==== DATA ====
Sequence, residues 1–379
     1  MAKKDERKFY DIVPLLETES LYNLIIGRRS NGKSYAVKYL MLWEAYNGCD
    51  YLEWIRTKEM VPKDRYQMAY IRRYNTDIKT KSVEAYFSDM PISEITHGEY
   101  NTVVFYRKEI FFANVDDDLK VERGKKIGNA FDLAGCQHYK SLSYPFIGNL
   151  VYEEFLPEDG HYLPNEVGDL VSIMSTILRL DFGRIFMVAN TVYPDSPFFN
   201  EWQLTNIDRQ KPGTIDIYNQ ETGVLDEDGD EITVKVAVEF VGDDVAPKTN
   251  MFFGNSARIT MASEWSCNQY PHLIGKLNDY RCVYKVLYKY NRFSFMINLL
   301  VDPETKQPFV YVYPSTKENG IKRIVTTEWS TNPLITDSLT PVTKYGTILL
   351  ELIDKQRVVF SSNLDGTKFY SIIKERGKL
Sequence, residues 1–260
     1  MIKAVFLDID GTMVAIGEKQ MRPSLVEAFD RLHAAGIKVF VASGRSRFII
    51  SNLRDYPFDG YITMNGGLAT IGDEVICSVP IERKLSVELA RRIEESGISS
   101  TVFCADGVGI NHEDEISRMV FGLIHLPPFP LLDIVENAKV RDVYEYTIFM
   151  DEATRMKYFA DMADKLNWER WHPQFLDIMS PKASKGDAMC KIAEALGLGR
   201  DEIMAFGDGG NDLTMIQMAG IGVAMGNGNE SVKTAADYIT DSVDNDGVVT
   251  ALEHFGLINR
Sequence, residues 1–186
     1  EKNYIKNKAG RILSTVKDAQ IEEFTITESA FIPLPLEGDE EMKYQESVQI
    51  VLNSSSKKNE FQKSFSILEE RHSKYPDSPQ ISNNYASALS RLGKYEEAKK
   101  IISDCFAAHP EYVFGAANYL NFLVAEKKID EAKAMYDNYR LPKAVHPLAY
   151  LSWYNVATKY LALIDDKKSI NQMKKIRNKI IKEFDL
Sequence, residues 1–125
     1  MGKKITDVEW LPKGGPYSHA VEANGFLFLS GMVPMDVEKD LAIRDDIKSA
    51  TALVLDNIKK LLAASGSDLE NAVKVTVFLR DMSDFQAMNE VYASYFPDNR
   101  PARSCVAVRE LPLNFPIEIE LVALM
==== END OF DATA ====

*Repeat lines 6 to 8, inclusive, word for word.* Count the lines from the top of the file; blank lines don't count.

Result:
   201  EWQLTNIDRQ KPGTIDIYNQ ETGVLDEDGD EITVKVAVEF VGDDVAPKTN
   251  MFFGNSARIT MASEWSCNQY PHLIGKLNDY RCVYKVLYKY NRFSFMINLL
   301  VDPETKQPFV YVYPSTKENG IKRIVTTEWS TNPLITDSLT PVTKYGTILL